And the centurion said to Christ, I see that you, Jesus of Nazareth, are here, and that you are under authority, representing God. When you speak, it is not Jesus the son of Joseph speaking, but the Son of God; and I know that the word you speak is the word of God, and that it has power in it. This is the kind of faith that Christ commends. The centurion had confidence that Christ was not simply the son of the carpenter, but the Son of the living God, and he believed that the whole authority of God was in the word spoken through Him.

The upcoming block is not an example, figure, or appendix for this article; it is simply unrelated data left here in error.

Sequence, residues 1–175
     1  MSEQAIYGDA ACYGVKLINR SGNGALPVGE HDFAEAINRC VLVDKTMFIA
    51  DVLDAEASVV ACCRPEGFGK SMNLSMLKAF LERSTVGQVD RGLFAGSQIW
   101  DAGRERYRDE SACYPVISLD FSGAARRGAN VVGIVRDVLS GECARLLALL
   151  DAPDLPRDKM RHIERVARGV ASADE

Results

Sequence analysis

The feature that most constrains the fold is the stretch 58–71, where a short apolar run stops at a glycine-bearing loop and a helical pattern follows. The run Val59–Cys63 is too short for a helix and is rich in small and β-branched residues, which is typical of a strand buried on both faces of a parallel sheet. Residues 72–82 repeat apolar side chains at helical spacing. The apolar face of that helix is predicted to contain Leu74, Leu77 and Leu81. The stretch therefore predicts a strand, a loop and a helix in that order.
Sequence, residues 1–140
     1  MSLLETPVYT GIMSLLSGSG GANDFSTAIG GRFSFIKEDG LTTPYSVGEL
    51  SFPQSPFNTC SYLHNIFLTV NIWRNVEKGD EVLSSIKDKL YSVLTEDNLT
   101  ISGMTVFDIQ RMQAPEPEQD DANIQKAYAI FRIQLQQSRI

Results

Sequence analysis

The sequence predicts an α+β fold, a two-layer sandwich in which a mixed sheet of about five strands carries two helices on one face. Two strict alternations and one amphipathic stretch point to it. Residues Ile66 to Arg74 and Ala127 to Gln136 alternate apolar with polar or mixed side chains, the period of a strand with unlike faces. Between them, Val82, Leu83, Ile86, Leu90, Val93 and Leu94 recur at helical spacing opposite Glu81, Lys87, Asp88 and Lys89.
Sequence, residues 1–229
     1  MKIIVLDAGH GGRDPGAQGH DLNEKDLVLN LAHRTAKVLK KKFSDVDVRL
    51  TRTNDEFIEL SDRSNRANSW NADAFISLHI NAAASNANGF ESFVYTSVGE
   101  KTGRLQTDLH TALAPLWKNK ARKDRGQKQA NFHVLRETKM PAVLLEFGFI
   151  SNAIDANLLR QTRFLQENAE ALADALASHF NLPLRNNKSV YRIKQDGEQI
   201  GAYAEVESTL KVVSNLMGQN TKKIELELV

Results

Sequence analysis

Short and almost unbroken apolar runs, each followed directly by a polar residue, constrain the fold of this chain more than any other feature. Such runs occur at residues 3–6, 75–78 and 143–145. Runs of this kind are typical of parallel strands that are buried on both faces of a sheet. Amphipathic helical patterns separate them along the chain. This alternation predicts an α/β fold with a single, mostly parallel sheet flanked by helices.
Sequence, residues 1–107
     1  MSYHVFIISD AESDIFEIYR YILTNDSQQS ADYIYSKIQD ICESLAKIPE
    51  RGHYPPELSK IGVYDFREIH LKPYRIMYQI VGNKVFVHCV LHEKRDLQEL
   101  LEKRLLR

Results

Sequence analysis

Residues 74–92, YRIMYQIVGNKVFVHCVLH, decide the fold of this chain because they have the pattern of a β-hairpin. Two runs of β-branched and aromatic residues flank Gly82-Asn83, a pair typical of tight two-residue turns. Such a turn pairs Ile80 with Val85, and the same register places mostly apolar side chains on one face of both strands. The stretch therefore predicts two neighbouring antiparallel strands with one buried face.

“Faith cometh by hearing,” and it is no use for us to talk about faith apart from the word of God. The fact that we desire something with all our heart, is not the least evidence that it will be done. Faith is confidence in God’s word, dependence upon God’s word, letting God’s word be true. Faith is seeing Christ in His word as the power of the living God, and believing with all the heart that He will do what He says. Faith is not sentimentalism, not merely a belief that something is true; it includes submitting and yielding wholly to the word of God. See to it whether you have the faith of Jesus or the faith of the devil. He believes that the Bible is true, and believes it more fully than many who make a high profession! He knows the Bible is wholly true. He knows it is true but he does not allow it to be true in him. He is a lie; his whole life is a lie; he is a falsehood from the first to the last; and so is everyone whose character is like his, and whose faith goes no further than his. Our very characters are a lie if they are not in harmony with the word of God.